Posts Tagged ‘Charles Simic’
February 13, 2014 | by Dan Piepenbring
Some might suggest that for a literary blog to feature three snow-related posts in a day is excessive. Well, tough. The weather has always been a great common denominator. And to our credit, we’ve refrained from calling this “Winter Storm Pax” or “the snowpocalypse.” We have standards.
Here, then, are seven poems from our archives fit for a snowy night. I won’t claim they’ll warm or comfort you—they’re poems, not pap—but they’re terrific reads, and they will be of some help. Next time you share an elevator with a distant colleague, you’ll use the weather as a conversational crutch, as one does; but instead of saying, “Man, it’s cold out!” you’ll say, “Snow is a hat worn by mountains.” You’ll make a lasting impression.
Note, too, that the majority of these poems were published in the spring or summer: a reminder that what’s unendurable now will be desirable in a few months’ time.
Debora Greger, “To the Snow” (from The Paris Review No. 154, Spring 2000)
Snow, let go. It’s late,
You are cornmush. You are cold.
Let me cover you with this white sheet.
No one will know.
Agha Shahid Ali, “Snow on the Desert” (from No. 107, Summer 1988)
the sliding doors of the fog were opened,
and the snow, which had fallen all night, now
sun-dazzled, blinded us, the earth whitened
out, as if by cocaine, the desert’s plants,
its mineral-hard colors extinguished,
wine frozen in the veins of the cactus.
September 11, 2013 | by Diane Mehta
“I’d have to go up or it’s better if you come down and, arm in arm, let’s go somewhere else where no one looks at us,” says Pierre Reverdy in his poem “Further Away Than There.” So many of Reverdy’s tiny geometric poems are like this: refreshingly, dizzyingly cubist. You think you’re reading a poem but are being manipulated to move around it in a way that’s cinematic.
Reverdy’s is the latest in The New York Review of Books’s new poetry-in-translation series. The tiny ultramarine-and-turquoise book is packed with embittered, contemplative, spooky, lyrical, and emotionally honest poems. Reverdy dares to move a sentence into strange and misleading territory but it seldom makes no sense. The fourteen translators, who include Rosanna Warren and John Ashbery, are as disparate in tone, syntax, and translation style as you can get. It’s hats off to Reverdy, then, for producing work so exacting that it reads consistently and lucidly in English.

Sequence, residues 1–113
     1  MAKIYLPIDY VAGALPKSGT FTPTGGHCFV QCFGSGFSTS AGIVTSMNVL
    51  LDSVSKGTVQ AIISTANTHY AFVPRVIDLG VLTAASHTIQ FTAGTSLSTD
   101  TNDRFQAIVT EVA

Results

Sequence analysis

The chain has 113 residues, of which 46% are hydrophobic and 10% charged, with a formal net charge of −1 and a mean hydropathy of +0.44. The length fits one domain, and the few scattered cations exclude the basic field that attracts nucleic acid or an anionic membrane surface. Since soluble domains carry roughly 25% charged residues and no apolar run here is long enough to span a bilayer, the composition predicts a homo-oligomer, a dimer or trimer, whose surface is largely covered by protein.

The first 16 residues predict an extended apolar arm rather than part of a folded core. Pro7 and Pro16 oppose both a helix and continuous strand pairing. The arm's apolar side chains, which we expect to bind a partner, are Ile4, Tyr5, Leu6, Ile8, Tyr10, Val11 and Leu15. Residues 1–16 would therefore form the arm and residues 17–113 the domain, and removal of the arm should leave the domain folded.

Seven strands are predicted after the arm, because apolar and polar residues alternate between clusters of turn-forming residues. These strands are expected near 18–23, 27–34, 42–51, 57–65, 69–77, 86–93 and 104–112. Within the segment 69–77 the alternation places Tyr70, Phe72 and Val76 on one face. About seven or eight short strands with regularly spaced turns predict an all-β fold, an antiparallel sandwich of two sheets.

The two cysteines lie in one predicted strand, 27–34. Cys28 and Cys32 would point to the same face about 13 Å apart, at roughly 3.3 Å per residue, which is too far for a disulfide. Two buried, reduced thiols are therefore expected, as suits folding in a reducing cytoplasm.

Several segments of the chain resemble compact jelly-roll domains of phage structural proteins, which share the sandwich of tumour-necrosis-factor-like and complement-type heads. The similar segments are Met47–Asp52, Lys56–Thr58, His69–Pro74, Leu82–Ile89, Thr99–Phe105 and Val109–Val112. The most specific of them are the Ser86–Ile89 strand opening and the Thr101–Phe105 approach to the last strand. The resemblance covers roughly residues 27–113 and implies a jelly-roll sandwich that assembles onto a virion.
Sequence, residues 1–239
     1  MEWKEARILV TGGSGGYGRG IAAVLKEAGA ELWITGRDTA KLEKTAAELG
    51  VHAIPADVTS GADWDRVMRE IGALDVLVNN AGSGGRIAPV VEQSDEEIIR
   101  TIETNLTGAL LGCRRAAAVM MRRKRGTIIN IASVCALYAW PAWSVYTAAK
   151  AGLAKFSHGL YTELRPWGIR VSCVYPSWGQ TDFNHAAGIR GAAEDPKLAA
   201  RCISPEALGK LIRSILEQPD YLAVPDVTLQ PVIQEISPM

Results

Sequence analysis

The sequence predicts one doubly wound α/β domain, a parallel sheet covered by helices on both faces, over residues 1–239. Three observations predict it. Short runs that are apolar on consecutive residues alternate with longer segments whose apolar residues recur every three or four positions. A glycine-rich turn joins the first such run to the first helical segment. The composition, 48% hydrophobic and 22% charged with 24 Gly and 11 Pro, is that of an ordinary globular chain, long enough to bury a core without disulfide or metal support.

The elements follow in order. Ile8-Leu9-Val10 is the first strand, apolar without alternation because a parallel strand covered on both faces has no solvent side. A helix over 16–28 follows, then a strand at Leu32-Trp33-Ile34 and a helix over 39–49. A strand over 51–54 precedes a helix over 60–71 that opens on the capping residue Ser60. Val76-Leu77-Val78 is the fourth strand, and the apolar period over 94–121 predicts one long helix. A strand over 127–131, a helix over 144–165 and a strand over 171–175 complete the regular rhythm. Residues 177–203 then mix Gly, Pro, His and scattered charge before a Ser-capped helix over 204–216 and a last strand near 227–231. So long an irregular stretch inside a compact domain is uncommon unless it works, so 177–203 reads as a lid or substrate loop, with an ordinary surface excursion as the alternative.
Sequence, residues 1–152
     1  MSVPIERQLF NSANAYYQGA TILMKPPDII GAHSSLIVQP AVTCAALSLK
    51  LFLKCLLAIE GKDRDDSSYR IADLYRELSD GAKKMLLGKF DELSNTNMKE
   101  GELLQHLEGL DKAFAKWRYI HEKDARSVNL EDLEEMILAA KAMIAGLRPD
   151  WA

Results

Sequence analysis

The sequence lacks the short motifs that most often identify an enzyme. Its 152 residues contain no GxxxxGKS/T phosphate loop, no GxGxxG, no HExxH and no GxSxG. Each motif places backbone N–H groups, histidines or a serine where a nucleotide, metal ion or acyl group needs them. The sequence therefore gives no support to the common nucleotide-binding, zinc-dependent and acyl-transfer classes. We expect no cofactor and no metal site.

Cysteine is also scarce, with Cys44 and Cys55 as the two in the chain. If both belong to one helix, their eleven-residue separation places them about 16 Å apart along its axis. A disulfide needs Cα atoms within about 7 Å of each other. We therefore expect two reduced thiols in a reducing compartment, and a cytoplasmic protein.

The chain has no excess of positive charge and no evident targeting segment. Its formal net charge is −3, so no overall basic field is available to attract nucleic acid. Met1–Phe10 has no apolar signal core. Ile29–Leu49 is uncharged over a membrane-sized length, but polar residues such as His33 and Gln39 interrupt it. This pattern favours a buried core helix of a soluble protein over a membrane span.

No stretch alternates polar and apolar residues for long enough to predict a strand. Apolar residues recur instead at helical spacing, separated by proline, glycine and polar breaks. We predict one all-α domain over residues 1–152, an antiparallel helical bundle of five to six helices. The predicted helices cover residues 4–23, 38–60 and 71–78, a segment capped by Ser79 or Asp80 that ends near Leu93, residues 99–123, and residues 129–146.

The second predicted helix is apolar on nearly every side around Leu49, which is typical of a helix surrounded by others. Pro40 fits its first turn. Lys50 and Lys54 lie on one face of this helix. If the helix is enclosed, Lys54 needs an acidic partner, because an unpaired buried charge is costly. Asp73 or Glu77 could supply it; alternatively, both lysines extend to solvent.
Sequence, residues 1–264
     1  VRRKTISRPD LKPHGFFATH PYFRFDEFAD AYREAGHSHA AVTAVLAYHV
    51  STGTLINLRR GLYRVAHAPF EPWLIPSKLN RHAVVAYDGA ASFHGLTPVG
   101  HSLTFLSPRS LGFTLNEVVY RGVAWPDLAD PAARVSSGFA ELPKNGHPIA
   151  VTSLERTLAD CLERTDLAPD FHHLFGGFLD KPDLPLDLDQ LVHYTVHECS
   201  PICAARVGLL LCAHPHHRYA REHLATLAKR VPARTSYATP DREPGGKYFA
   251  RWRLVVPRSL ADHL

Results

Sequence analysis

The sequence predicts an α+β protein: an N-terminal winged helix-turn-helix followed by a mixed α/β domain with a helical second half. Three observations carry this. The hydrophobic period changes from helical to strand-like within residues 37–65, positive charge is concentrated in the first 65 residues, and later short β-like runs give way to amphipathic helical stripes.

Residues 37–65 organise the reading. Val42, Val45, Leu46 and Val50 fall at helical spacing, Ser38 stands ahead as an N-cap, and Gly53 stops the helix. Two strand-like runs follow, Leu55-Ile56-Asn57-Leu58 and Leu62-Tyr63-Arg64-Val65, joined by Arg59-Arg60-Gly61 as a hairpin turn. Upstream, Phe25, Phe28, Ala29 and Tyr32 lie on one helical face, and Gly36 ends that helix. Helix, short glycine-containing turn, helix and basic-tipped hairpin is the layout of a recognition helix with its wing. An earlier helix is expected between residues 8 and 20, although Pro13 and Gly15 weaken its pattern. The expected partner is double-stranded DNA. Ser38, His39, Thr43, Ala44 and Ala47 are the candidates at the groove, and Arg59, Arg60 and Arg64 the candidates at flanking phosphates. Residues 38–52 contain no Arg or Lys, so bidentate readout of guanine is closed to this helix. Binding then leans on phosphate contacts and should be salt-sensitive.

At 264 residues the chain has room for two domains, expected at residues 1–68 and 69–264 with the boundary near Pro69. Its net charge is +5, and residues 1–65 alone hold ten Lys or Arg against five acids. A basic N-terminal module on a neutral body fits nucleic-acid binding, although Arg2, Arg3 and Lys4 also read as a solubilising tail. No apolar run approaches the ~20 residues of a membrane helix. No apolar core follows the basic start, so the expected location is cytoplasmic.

At the center of the French avant-garde, Reverdy founded Nord-Sud in 1917 with Apollinaire and Max Jacob, and was close friends with the cubist painters Pablo Picasso, Georges Braque, and Juan Gris. It’s because of these friendships that Reverdy became associated with literary cubism. (In March 1917, Juan Gris launched his treatise on cubism, “Sur le Cubisme,” in Nord-Sud.) Though Reverdy’s Nord-Sud lasted only a year, it embodied and advanced the avant-garde movements, especially surrealism and dadaism, that coalesced and overlapped in wartime Paris.
I skimmed the book from the back forward first, to see where Reverdy ended up. The varied forms (prose poems, fractured lines, squares, paragraphs) force you to constantly reassess, but the diction seemed deliberately chosen. Then I looked at Juan Gris’s paintings online. In Fruit Dish, Pipe and Newspaper, the diagonals cut up, down, and across the canvas. Turning back to the Reverdy, I closed in on a few poems, and found a parallel technique in a sentence in Always Alone: “In the street when our arms threw up a bridge, no one looked up and the houses tilted.” What an extraordinary scene—the pull between love and its boundaries, their private public space, houses tilting presumably around the lovers. Read More »
September 3, 2013 | by The Paris Review